Last week (April 4, 2019) DataCamp published a blog post stating that “one of DataCamp’s executives danced inappropriately and made uninvited physical contact with another employee,” an action meeting many definitions of sexual assault. While the post makes the claim that DataCamp does not condone this behavior, it also makes clear that the disciplinary actions against the executive were limited to “sensitivity training, personal coaching, and a strong warning.”
DataCamp’s post came one day after a group of 100 DataCamp instructors, including me, signed a letter to DataCamp leadership. Having learned of the incident, several instructors had been engaged with DataCamp to try to get the company to act in a way that appropriately disciplined the executive and assured a safe working environment for DataCamp employees and instructors. Inaction led those leaders to encourage more of us to get involved. DataCamp’s responses to our questions and comments were largely along the lines of the letter. In short: He got a warning, we have great policies and diversity initiatives now, this matter is closed.
Many others have eloquently described how this response is grossly inadequate:
this post is nauseating. it can barely bother to be contrite. missing from the list of actions the company has taken are:
– any consequences for the perpetrator/executive
– anything the company has done to make things right for the employee.#Python #rstats #datascience #MeToo
— just moomin 🏳️ 🌈🏴 (@no_reply) April 4, 2019
They could start by firing the guy who can’t keep his hands to himself.
— Jesse Mostipak (@kierisi) April 4, 2019
And by writing a responsible incident report…all the extra detail is on the behalf of the perpetrator. I don’t care if it was at a Bull Fight in Cuba at 4pm, or at 8am in the copy room. I don’t care if it was reported 20 minutes later, or at the start of the next fiscal quarter. pic.twitter.com/2XLtURDDfc
— Mara Averick (@dataandme) April 4, 2019
I’ve supported D.C. publicly, been on their podcast & pay for their service. I’m VERY displeased with how this was handled. This blog post is bullshit. The post spins a bunch of detail that casts shade / doubt on the victim.
This is wrong.
Do better, y’all. https://t.co/NpR9G6aKQG
— JD Long (@CMastication) April 5, 2019
I was, probably credulously, shocked at the statement DataCamp put out. After 100 instructors told them that they couldn’t just leave it at that, they wrote a public statement to leave it at that. We got no message like “we are making a statement, and something more robust is coming.” Nor did DataCamp give the target any warning that they would make the incident public by releasing a statement.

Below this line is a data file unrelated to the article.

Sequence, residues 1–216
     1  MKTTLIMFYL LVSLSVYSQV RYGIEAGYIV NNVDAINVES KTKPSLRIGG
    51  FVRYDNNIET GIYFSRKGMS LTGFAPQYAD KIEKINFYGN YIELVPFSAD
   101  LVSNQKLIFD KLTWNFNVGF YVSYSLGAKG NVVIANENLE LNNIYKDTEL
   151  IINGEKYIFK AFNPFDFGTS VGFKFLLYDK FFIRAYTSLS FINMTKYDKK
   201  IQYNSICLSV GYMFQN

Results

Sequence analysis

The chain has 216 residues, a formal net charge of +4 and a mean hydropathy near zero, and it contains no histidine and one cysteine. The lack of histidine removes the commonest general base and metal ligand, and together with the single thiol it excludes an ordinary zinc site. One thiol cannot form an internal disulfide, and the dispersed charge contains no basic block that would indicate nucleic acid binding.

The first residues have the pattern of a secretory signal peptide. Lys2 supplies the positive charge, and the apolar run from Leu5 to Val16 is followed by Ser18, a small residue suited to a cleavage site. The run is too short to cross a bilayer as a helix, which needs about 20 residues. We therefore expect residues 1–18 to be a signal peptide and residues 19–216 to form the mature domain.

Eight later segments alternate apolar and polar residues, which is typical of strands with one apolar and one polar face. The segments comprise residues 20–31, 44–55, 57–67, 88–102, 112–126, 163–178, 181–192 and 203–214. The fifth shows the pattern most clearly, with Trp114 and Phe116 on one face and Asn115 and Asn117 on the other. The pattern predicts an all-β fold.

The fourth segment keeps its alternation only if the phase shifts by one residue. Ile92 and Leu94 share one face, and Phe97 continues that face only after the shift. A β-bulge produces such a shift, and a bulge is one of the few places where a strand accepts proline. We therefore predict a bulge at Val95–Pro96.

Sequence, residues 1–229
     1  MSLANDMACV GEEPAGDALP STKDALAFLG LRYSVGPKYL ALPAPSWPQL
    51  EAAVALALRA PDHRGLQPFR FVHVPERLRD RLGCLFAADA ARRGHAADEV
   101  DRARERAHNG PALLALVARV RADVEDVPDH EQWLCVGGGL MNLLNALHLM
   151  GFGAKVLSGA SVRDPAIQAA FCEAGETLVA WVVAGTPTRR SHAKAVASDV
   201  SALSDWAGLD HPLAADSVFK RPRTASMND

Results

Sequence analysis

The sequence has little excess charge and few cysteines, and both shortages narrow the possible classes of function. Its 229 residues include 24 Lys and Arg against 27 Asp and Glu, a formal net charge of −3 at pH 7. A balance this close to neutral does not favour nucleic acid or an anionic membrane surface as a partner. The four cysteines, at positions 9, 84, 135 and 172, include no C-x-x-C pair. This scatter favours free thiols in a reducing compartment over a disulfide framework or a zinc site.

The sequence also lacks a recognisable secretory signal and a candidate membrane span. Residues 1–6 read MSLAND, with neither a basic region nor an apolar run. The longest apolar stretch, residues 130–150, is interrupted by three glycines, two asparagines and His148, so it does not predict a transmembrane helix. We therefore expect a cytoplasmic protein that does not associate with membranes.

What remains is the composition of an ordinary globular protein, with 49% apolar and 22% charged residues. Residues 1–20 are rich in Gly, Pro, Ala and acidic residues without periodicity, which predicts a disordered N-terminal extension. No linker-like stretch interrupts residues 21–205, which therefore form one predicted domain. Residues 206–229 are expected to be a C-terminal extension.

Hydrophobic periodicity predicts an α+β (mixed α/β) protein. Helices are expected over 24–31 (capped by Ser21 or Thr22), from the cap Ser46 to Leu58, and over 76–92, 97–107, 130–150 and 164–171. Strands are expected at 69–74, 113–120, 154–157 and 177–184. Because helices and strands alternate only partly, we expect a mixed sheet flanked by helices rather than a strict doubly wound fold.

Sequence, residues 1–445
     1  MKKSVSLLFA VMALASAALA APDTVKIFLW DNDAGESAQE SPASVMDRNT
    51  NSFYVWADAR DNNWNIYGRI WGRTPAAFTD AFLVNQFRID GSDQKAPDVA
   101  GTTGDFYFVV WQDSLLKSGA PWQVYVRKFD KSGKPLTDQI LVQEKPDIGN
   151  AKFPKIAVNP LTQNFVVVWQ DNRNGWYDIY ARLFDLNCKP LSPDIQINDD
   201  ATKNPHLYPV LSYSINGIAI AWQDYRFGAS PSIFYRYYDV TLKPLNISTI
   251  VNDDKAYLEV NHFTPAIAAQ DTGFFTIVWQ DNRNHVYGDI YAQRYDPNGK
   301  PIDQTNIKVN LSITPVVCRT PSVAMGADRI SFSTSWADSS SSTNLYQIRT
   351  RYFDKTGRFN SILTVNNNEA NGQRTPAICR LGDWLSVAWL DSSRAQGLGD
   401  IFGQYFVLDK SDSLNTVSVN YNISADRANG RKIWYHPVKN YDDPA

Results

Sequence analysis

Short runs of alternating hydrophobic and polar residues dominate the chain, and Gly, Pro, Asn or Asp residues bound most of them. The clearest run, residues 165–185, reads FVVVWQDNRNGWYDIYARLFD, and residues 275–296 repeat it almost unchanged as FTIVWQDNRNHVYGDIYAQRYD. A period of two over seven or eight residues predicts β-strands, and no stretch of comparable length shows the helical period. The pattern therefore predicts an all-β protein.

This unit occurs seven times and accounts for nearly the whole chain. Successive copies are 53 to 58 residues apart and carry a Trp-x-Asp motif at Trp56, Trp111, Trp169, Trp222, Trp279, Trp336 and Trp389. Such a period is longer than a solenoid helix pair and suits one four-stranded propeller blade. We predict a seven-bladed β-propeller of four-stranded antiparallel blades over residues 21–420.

The last part was especially galling given how cautious the instructors who organized us were about avoiding blowback to other parties. The instructors who led the effort were patient, despite months of frustrating conversations with DataCamp. They kept the matter private to avoid dragging the target of the incident into the fray. They kept the focus on DataCamp leadership and policy to avoid putting other employees in an awkward place. They gave DataCamp every opportunity to explain themselves, change course, and own the public narrative. A company should count itself lucky to have such constructive critics.
It’s clear that without enormous public pressure, DataCamp will not take sufficient disciplinary action against the executive. And it is necessary that they do. It must be made very clear to men, from teenage boys to CEOs, that when they choose to violate women’s space, they are risking their jobs. When they decide to abuse their power as bosses, their careers, their VC funding, their tenure, their board seats, their reputation, and their friends, should all be on the line.
I guarantee you that women who are targets of such predation weigh the consequences of every subsequent action. Do they choose to leave their jobs? Do they report the incident and let it upend their career? Do they pursue criminal charges and let it consume their lives, with little chance of success? Do they stay quiet but carefully plan every day to avoid being alone in the room with their predator? Do they laugh it off and risk reprisal when this is interpreted as permission and they reject further advancement?
Let men who can’t keep their hands to themselves live their lives questioning every decision.
The way to make men face consequences for their decisions is to force reprecussions via companies and institutions. So I hope you don’t take my DataCamp course. I hope you will stop using DataCamp and let them know this is why. I hope if your company uses DataCamp you convince them to stop buying licenses. I hope if you invest in or advertise with or accept sponsorships from DataCamp you stop.
If enough pressure is brought on the company to make investors worry about their money and other executives about their jobs, we might see some meaningful action. Scolding DataCamp while continuing to pay them, because it’s a nice platform, is like sensitivity training for a “nice guy.”
My course on DataCamp is Nonlinear Modeling in R with GAMs. It’s about Generalized Additive Models, tools I find quite handy and that I’d love to teach you more about. My contract with DataCamp gives them license to keep using it. Please don’t take my course. Don’t give DataCamp your money and send the message that sexual misconduct doesn’t have consequences. I’ve collected some other resources on GAMs on this page. I hope to convert my course to an open-source format soon, but for now these will more than do. Others are at least skilled as explaining the topic as I am.